When we do a California telephone survey, the Los Angeles Times Poll makes calls to a random sample of all phone numbers in the state. This technique is called "random-digit dialing" and is the best method for producing good predictive samples in a poll. Because of this, the people who answer our questions are in very similar proportions to that of the adult population of the state. For example, if 28% of the state's adult population is Latino, then our sample will have close to that proportion of Latinos. We look at several variables such as race, age, educational attainment and location of the household and use weights to make sure those proportions conform with data from the Census Bureau about California's adult population.
When the Times Poll conducts a pre-election survey such as the one published Aug. 23 and 24, we use a model we have developed to help us determine who is likely to turn out to vote. We call those people "likely voters." Since 50% to 70% of registered voters actually turn up at their precincts to cast ballots in any given race, this is an important part of our analysis. The "turnout model" is based on a person's interest in the election and their past voting behavior, among other things.
Once we've identified the smaller group of "likely voters" in our larger sample of all adults, it is quite possible that some important subgroups will contain too few respondents for us to feel comfortable reporting their opinions as a group. The Times Poll will not ordinarily report statistics about the opinions of any subgroup unless it contains at least 100 respondents.
In order to have, for example, enough Latino likely voters to be able to report their views, we call another telephone sample alongside the main one. This is called "oversampling." The second sample is another random sample of the state, but one in which we conduct interviews only with Latino respondents. The samples are then merged in such a way that the combined sample's demographic proportions again mirror the adult population of the state. By using these statistical techniques, we end up with both a random sample of the state and enough Latino likely voters to be able to report their opinions in the newspaper.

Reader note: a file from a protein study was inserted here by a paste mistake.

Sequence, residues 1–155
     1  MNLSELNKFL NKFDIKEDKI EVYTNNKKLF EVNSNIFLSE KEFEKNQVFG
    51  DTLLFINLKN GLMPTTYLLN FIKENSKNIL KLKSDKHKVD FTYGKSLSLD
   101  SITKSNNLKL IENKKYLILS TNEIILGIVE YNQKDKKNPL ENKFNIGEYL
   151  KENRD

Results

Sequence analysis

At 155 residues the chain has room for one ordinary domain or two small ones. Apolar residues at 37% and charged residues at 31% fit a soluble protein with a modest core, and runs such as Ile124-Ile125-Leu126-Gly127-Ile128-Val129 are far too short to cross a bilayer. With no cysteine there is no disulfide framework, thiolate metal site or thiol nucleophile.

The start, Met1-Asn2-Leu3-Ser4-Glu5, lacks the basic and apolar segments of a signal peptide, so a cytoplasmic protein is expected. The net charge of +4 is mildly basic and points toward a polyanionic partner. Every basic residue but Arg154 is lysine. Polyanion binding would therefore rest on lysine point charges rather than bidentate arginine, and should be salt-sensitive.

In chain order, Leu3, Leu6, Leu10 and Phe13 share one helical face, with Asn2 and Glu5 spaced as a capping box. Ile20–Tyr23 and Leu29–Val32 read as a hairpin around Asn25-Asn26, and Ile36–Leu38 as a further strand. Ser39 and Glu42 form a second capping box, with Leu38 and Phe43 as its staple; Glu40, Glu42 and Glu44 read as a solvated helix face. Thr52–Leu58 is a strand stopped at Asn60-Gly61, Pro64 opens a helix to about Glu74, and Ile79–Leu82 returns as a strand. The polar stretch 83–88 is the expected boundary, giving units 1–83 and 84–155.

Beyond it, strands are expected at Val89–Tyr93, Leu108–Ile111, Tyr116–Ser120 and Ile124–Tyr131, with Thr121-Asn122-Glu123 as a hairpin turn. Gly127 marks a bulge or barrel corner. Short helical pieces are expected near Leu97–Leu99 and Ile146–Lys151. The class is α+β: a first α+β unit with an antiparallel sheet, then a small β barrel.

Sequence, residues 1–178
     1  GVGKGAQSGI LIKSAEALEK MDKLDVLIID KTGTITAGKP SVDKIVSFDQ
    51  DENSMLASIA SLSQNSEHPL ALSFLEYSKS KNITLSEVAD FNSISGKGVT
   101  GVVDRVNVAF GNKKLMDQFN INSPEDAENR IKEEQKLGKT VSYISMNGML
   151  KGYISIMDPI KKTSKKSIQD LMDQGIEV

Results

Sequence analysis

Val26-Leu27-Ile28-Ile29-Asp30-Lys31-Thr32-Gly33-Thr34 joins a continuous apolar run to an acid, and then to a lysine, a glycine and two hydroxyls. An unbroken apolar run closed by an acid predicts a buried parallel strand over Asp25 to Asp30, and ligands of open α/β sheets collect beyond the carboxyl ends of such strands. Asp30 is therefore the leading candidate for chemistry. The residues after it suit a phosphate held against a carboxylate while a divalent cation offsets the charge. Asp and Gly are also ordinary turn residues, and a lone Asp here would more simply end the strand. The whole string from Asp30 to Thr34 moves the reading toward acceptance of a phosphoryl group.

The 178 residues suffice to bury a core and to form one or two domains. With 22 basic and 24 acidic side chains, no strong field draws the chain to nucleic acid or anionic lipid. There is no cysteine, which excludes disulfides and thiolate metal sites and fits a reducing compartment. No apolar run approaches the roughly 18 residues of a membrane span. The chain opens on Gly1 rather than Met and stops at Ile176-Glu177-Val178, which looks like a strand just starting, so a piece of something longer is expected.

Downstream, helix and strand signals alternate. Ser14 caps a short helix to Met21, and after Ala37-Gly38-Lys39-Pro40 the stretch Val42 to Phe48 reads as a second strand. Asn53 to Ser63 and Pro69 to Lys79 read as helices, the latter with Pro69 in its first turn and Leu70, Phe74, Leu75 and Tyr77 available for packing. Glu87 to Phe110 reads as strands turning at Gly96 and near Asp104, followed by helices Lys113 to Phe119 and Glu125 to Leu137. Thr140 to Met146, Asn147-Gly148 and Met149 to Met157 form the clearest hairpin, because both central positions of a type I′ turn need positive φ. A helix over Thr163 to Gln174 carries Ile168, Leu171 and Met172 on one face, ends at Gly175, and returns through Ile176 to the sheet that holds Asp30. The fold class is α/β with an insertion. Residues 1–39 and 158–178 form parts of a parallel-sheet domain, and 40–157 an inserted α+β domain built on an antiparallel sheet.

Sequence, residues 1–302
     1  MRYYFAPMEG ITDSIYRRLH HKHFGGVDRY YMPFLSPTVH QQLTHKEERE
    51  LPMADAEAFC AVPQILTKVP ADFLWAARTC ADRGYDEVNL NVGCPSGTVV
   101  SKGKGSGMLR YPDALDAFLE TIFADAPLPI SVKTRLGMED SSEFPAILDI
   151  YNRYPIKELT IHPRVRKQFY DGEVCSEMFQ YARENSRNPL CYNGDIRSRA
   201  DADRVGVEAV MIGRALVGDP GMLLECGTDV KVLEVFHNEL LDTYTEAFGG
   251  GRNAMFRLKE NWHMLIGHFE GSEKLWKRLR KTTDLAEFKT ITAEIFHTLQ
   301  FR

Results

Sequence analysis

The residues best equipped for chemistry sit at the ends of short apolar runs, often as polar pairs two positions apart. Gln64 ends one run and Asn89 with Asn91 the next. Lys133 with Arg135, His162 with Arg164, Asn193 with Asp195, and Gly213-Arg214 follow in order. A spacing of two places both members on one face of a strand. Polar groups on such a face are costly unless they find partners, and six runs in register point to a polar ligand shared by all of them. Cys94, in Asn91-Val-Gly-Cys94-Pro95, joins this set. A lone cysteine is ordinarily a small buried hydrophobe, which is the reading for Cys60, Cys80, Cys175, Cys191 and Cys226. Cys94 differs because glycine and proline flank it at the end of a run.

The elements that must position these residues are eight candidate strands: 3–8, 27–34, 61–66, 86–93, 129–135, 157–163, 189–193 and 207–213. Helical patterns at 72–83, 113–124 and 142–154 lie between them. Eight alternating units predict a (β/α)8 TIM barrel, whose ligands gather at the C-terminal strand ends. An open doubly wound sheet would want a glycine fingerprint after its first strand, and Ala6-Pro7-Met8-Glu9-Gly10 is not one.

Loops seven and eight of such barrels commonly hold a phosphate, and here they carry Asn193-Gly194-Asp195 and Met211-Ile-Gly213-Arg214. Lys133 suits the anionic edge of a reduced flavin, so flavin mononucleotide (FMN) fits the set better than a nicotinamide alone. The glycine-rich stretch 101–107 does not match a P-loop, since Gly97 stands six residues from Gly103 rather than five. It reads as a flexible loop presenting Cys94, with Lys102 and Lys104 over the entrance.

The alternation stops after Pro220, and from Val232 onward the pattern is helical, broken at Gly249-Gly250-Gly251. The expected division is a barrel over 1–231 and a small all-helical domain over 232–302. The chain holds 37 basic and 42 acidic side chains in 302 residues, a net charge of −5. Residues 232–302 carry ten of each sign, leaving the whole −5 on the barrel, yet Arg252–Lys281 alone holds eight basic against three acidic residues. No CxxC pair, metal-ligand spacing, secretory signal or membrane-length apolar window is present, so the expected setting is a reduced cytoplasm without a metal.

Random-digit dialing is a rigorous and expensive way to conduct election polling, but the Los Angeles Times Poll, like other reputable polling organizations, is committed to conducting the highest quality survey research. For this reason the Times Poll conducts its data collection using an in-house phone bank so that we can be assured that data collection is constantly monitored and conducted in the most professional and exacting manner possible.
There is a lot of cynicism in the general public when it comes to polls, and people are right to be skeptical. Many sets of published numbers call themselves polls when they are nothing like one. Some media outlets are not savvy enough or don't care enough to avoid reporting these non-polls, which adds to the general confusion. The Times reports the results of only those surveys that meet the guidelines of the American Assn. for Public Opinion Research (AAPOR).
Other sources of information
See the Times Poll's Frequently Asked Questions page.
The AAPOR Web site is a good resource for information on industry standards.
Another good source of information is the National Council on Public Polls, which publishes "20 Questions a Journalist Should Ask About a Poll." This document is a good resource for the general public too.